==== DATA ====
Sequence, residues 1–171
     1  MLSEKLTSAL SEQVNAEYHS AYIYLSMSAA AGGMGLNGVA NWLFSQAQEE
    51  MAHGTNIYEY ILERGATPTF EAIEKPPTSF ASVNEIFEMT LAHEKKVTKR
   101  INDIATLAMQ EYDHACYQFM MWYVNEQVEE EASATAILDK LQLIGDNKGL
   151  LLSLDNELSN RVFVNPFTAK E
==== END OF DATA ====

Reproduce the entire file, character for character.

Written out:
Sequence, residues 1–171
     1  MLSEKLTSAL SEQVNAEYHS AYIYLSMSAA AGGMGLNGVA NWLFSQAQEE
    51  MAHGTNIYEY ILERGATPTF EAIEKPPTSF ASVNEIFEMT LAHEKKVTKR
   101  INDIATLAMQ EYDHACYQFM MWYVNEQVEE EASATAILDK LQLIGDNKGL
   151  LLSLDNELSN RVFVNPFTAK E